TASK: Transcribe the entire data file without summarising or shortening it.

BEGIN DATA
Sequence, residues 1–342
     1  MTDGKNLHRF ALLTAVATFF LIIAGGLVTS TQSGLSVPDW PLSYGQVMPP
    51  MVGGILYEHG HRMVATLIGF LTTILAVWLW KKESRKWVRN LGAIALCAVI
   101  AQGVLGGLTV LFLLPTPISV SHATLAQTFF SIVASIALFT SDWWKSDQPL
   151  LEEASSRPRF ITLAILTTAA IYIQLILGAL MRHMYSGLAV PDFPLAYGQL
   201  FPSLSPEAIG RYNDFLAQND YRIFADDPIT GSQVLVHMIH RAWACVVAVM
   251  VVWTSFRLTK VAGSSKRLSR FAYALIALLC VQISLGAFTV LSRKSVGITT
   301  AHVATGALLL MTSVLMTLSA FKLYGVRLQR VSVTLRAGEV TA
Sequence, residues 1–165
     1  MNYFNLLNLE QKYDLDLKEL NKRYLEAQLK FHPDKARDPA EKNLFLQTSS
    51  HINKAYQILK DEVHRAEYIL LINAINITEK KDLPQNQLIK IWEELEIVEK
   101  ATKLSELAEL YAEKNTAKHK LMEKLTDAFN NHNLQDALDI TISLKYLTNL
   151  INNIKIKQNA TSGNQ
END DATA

Sequence, residues 1–342
     1  MTDGKNLHRF ALLTAVATFF LIIAGGLVTS TQSGLSVPDW PLSYGQVMPP
    51  MVGGILYEHG HRMVATLIGF LTTILAVWLW KKESRKWVRN LGAIALCAVI
   101  AQGVLGGLTV LFLLPTPISV SHATLAQTFF SIVASIALFT SDWWKSDQPL
   151  LEEASSRPRF ITLAILTTAA IYIQLILGAL MRHMYSGLAV PDFPLAYGQL
   201  FPSLSPEAIG RYNDFLAQND YRIFADDPIT GSQVLVHMIH RAWACVVAVM
   251  VVWTSFRLTK VAGSSKRLSR FAYALIALLC VQISLGAFTV LSRKSVGITT
   301  AHVATGALLL MTSVLMTLSA FKLYGVRLQR VSVTLRAGEV TA
Sequence, residues 1–165
     1  MNYFNLLNLE QKYDLDLKEL NKRYLEAQLK FHPDKARDPA EKNLFLQTSS
    51  HINKAYQILK DEVHRAEYIL LINAINITEK KDLPQNQLIK IWEELEIVEK
   101  ATKLSELAEL YAEKNTAKHK LMEKLTDAFN NHNLQDALDI TISLKYLTNL
   151  INNIKIKQNA TSGNQ